The Tale of the Broken Cathedral

Cathedrals are intended to uplift the spirit and inspire majesty.  In olden days, the cathedral was frequently the tallest and largest structure in the community.  The amount of resources and talent put into the construction of the building were symbols of the faithfulness of the devoted.

The word cathedral comes from the Latin cathedra meaning seat, which in turn came from two Greek words, kata = down and hedra = chair.  The term implies that the cathedral is the seat of a bishop who leads a large religious community.

After the burning the town by the British in the War of 1812, Buffalo rebuilt.  It became a major U.S. city in 1825 with the completion of the Erie Canal, linking the Atlantic Ocean and the Great Lakes for the first time.

In 1851, two great faiths began construction on competing cathedrals.  Episcopalians built their St. Paul’s Cathedral.  One block away, Roman Catholics began their St. Joseph’s Cathedral.  The two structures dominated the Buffalo skyline during the latter part of the 19th century.

St. Paul's Cathedral

St. Joseph's Cathedral

In the early years of the 20th century, Roman Catholic Bishop Charles Henry Colton began plans to construct an even grander cathedral several miles north of the existing church, along Buffalo’s Delaware Avenue, where the well-heeled lived. The new structure would be build for $500,000 and would seat 1,500 people.

On June 9, 1912, 30,000 of the faithful marched two miles from downtown Buffalo to the intended site of the new St. Joseph’s Cathedral.  The cornerstone was laid.  The designer of the new building was Aristides Leonori of Rome, a man of some renown in the world of ecclesiastical architecture.

Unfortunately, Leonori’s knowledge of the destructive power of Buffalo winters was less profound than his reputation as a builder.

The design called for triumphal twin 260-foot towers at the corner of Delaware and Utica Street.  A 45-bell carillon would summon Catholics to their cathedral.

In the end, only one of the towers was completed.  Structural problems prevented construction of the second.  The carillon was the largest in America at the time.  The new St. Joseph’s Cathedral was completed in 1915.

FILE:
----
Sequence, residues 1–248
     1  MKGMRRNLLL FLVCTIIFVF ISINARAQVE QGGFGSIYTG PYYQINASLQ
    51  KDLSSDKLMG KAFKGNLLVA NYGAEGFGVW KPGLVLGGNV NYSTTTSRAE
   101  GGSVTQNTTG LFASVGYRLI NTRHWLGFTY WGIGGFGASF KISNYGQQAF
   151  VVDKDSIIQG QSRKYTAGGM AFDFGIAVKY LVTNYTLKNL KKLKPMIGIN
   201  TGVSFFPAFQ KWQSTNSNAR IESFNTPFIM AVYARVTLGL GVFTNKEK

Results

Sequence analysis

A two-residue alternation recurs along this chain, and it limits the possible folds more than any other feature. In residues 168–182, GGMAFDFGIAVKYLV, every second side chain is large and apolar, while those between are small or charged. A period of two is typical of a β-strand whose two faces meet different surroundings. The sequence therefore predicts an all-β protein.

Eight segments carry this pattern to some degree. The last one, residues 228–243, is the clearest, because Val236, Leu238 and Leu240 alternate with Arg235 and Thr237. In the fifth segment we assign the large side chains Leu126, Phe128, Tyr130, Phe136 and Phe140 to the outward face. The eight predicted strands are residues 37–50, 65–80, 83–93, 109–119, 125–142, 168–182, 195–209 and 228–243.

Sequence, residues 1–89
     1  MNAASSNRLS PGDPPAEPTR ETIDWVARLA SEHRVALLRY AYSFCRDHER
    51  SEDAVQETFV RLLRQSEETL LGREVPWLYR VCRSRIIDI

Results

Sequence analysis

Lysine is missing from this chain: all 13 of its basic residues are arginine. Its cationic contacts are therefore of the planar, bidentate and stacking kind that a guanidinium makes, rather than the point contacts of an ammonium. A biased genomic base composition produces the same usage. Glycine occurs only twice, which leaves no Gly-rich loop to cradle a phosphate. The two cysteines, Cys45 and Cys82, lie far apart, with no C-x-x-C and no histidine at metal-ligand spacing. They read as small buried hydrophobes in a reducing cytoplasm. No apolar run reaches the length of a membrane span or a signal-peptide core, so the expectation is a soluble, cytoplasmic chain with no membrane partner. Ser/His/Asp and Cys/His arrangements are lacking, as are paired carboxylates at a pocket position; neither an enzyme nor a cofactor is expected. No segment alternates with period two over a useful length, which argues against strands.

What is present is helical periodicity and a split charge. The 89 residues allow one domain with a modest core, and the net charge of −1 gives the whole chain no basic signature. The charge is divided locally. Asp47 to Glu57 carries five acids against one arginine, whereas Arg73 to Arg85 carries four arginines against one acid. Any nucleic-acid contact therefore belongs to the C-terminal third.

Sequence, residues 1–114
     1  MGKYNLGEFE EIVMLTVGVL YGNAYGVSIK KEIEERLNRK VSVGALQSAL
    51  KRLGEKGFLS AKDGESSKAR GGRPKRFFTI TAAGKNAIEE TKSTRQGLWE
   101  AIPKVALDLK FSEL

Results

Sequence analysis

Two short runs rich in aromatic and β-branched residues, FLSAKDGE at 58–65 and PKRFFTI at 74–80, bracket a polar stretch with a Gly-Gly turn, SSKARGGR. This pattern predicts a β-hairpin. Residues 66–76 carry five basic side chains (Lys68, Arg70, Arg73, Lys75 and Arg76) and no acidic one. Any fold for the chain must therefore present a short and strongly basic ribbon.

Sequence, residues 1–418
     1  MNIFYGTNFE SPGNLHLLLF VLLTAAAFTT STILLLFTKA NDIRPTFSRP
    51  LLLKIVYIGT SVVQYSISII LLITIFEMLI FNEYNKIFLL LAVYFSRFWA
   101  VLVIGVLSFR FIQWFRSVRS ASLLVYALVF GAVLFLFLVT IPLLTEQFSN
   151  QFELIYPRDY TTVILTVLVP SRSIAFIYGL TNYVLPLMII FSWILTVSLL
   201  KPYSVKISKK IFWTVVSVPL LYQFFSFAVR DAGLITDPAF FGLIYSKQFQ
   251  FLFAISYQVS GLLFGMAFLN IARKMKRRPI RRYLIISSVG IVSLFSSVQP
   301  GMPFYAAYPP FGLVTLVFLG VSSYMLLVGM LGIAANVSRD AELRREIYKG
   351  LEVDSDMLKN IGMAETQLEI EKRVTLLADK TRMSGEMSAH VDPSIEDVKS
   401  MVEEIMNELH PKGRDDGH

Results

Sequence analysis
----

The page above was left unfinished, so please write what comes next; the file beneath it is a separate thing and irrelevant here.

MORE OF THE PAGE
Things went wrong almost immediately.

The cathedral began to deteriorate at an alarming pace.  Just five years after its consecration, major repairs were needed at a cost of more than $100,000 (an exorbitant sum).  The twin steeples of the structure had to be removed in 1927-1928 to the tune of $72,000.

Large chunks of ceiling plaster began to fall into the sanctuary.  Several sections of pews were roped off to protect congregants from serious injury.

The magnificent marble exterior of the cathedral had never been properly bonded to the brick wall behind it.  As a result, it began to gradually pull away from the structure.  Over time, a gap of several inches developed.

By the 1970s, Bishop Edward D. Head proclaimed that the cathedral was the “victim of bad design or bad construction.”  Descendants of the general contractor and the architect blamed each other. 

Not wanting the responsibility for making the fateful decision to fall upon him alone, Bishop Head convened a committee of pastors of major churches in the diocese as well as contractors and Catholic and non-Catholic businessmen.  An eight-month study revealed what everyone already knew: St. Joe’s would have to come down.

It would cost more than $2.2 million to restore the building, and more than $30,000 annually to maintain the building.  They also determined that the cost of erecting a new cathedral would be even more prohibitive.

The decision was made — St. Joe’s would move back to the “old” cathedral.  This occurred in 1976.

Timon Towers was built on the site of the "new" cathedral.

The “new” cathedral was demolished.  Its furnishings were sold by the wreckers in partial payment for the $250,000 incurred in razing the structure.  An apartment complex was erected on the site.

The faithful returned to the smaller cathedral close to downtown.  It had been a mere 61 years since the Bishop left that seat.

Rear view of "old" cathedral

What was intended to be a majestic tribute by Buffalo’s Catholics to their creator turned into a dispiriting and costly retreat.

Notwithstanding this defeat, the piety and strength of Buffalo’s Roman Catholic community remains an integral part of this region.

— The Major


One response to this post.

  1. Posted by the sterge on December 17, 2010 at 10:34 pm

    The photo of the scarred marble looks like michaelangelo’s sistine chapel -the hands of the angel reaching to touch another. Cool


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